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SPS304 Mental Health in the Community

QUESTION 1: From your reading of the journal article:

  1. describe the extent of overall stigma as well as the differences in stigma towards people with alcohol abuse, dementia, depression, schizophrenia and obsessive-compulsive disorder.
  2. discuss the strengths of the study.

(800 – 1000 words in total)


1. Stigma is defined by the WHO as distinctive attitude or belief establishing a differentiation between the person with mentalhelath condition and the society attributing to the disease characteristics (Shi et al., 2020). Stigma in mental illness is a worldwide phenomenon and is one of the biggest barrier treatments seeking behavior and psychological well-being indiivuduls with mental health conditions (Whittle et al., 2017).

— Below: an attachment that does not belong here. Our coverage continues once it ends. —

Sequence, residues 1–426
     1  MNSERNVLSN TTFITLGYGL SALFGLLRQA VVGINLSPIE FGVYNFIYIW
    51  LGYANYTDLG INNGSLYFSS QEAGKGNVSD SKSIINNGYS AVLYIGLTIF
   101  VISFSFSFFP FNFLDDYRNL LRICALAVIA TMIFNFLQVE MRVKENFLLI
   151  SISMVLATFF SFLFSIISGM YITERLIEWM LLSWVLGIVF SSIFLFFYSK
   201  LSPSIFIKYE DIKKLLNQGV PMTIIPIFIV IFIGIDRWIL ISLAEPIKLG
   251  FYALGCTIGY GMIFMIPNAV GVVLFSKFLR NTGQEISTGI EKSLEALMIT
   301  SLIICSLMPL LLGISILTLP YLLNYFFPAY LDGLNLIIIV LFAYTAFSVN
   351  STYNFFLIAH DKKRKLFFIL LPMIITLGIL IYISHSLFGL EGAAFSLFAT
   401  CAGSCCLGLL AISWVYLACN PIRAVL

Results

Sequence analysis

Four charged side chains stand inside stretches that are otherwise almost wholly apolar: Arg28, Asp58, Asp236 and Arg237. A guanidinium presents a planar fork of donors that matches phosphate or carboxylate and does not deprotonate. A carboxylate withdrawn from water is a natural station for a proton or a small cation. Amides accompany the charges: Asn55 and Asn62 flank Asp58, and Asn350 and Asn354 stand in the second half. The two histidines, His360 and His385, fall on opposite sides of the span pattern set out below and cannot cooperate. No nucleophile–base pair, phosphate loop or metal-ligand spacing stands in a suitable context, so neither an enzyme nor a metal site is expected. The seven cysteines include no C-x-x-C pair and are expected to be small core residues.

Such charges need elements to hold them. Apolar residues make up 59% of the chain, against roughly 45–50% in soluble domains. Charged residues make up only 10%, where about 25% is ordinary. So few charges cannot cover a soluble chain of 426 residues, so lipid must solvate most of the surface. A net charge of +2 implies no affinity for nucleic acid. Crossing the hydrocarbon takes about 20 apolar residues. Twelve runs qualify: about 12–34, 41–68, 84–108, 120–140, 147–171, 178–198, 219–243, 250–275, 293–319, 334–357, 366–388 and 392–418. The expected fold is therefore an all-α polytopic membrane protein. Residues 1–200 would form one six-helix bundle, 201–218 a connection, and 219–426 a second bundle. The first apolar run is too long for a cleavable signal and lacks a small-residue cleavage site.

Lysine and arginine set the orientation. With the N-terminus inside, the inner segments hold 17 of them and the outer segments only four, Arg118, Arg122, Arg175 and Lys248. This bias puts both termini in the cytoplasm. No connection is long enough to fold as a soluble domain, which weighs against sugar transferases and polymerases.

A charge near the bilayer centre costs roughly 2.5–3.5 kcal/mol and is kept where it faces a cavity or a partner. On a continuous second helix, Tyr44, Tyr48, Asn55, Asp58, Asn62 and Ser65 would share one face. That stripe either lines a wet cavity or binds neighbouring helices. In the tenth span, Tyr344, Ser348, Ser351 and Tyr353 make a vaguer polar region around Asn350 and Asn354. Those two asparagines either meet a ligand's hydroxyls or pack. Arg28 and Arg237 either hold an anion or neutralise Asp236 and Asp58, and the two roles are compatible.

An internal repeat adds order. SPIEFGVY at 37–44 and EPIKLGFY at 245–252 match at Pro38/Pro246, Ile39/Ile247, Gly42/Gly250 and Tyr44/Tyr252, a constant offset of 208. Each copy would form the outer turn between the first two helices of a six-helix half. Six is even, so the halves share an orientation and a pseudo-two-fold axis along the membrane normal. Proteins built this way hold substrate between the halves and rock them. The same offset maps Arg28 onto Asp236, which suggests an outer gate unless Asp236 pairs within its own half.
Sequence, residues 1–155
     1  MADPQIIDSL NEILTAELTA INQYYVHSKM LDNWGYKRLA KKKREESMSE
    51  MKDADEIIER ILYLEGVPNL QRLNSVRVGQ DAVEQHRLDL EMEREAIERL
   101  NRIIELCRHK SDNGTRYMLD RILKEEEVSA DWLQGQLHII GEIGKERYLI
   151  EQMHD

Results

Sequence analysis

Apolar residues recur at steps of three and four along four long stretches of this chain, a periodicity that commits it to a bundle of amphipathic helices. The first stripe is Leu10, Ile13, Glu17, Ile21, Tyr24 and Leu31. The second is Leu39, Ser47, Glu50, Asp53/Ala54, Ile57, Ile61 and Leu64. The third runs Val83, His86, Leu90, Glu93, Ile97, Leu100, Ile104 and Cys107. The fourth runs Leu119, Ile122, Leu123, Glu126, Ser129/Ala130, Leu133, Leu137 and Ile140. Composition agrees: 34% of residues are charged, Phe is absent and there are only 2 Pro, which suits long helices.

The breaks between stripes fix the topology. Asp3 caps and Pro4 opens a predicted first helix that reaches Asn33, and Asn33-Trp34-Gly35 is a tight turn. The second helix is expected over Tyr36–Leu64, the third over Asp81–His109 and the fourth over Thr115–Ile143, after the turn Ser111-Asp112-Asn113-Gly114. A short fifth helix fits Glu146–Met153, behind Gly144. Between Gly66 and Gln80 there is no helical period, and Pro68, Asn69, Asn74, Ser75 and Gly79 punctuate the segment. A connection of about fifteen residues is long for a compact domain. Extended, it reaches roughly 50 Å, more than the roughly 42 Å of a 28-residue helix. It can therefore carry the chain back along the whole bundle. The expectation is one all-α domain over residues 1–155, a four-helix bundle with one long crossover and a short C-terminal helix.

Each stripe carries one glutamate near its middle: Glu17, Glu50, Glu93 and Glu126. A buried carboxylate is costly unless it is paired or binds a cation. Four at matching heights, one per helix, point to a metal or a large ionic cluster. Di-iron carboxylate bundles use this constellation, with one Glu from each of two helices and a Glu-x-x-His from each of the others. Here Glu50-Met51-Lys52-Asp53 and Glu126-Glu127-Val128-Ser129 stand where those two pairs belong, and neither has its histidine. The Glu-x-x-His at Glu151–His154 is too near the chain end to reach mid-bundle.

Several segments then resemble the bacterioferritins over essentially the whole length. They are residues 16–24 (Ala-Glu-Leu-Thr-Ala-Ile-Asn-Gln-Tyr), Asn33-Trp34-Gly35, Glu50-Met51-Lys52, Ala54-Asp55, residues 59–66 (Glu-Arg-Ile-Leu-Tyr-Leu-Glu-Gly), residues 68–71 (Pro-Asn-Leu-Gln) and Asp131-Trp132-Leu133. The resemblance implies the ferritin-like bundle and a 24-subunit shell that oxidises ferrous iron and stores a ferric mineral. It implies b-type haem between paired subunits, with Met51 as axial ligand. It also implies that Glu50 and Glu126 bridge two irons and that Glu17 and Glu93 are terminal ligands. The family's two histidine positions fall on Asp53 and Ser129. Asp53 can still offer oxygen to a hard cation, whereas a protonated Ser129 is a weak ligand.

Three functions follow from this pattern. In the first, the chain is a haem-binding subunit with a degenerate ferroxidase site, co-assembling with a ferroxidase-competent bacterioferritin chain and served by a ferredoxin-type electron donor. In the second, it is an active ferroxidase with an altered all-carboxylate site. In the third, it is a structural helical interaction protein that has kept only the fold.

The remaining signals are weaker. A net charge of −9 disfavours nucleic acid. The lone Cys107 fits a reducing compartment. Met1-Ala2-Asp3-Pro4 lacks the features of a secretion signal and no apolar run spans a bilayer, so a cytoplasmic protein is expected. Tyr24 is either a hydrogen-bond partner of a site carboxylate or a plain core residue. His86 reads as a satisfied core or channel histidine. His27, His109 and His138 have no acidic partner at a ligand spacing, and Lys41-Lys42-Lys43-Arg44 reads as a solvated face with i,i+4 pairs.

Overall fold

Subramaniam et al. (2017) studied the overall stigma and the differences of experienced stigma among indiivduals with dementia, alcohol abuse, schizophrenia, depression and OCD. The author categorized them into five vignettes with participants of each condition. The authors measures the stigma in terms of the Perceived and Personal scales of the Depression & Social Distance scale to analyse stigma.

The overall stigma is experienced in three forms: public stigma (this is the general public’s attitude towards the individuals with mental illness), self-stigma (which is the sellf- prejudices one holds towards themselves due to their mental illness), and healthcare professionals due to stereotypical beliefs. Stereotypes (negative thoughts about a group), prejudice (negative emotional reaction), and discrimination are the three components of the overall stigma. The stigma associated with issues faced by the friends and family of the person with the mental health illness was consistently associated with all five vignettes. The personal stigma in all three vignettes was also found to be satistical significant. Anticipatory discrimination was also common to all where the awareness of the negative perception due to misconceptions results in lower social interactions, loss of self esteem and confidence (Wakida et al., 2018).